The Body Shop’s motto is simple: make products that make you look and feel so good. At the heart of feeling good is loving yourself, including your body. The Body Shop was founded in 1976 by Dame Anita Roddick in Brighton, England, starting with the belief that business could be a force for good. The Body Shop has always done things differently and created innovative, naturally-inspired products. Today, its Enrich Not Exploit™ Commitment is stronger than ever. Dedicated to enriching people as well as the planet, The Body Shop works fairly with farmers and suppliers, and helps communities thrive through its Community Trade program. The Body Shop has never tested any of its ingredients or products on animals and never will. An iconic British retail brand with an extensive and growing global presence, it now employs more than 22,000 people in more than 60 countries around the world. It has exported innovative products, created campaigns that matter, and believes in an ethical approach to business and its unique English reverence to countries all over the globe.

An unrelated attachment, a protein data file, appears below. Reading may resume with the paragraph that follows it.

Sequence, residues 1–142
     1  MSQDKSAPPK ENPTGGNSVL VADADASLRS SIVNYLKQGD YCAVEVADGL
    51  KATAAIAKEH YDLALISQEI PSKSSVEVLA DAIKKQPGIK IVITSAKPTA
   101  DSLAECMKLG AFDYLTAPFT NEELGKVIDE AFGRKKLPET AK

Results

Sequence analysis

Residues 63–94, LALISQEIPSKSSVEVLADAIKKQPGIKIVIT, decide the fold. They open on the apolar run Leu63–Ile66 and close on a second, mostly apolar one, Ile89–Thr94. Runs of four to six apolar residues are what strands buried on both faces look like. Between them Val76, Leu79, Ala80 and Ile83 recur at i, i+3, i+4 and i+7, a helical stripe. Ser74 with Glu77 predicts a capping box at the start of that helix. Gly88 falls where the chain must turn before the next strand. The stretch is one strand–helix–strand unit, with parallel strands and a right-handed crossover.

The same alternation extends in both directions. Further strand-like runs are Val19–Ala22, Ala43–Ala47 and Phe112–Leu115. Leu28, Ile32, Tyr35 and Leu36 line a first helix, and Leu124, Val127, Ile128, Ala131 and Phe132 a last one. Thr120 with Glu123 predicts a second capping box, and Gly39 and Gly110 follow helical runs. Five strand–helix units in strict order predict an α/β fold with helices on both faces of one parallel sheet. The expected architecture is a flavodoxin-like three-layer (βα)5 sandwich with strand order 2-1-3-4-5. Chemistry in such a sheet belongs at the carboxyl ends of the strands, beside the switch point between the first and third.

I wanted to share a recent rescue from Marc Ching of the Animal Hope & Wellness Foundation.
After rescuing 120 dogs in Changchun- he and a colleague, Kai-Su, went undercover as fur buyers and were able to save 2 foxes from fur farm in north China in the Hebei province.
This fur farm is one of the largest as they slaughter 3000 foxes a day around October then sell the skins to manufacture fur coats. Foxes are not the only victims- they use goats to feed the babies and minks are also used for fur- for one coat- they need to kill 30-40 minks.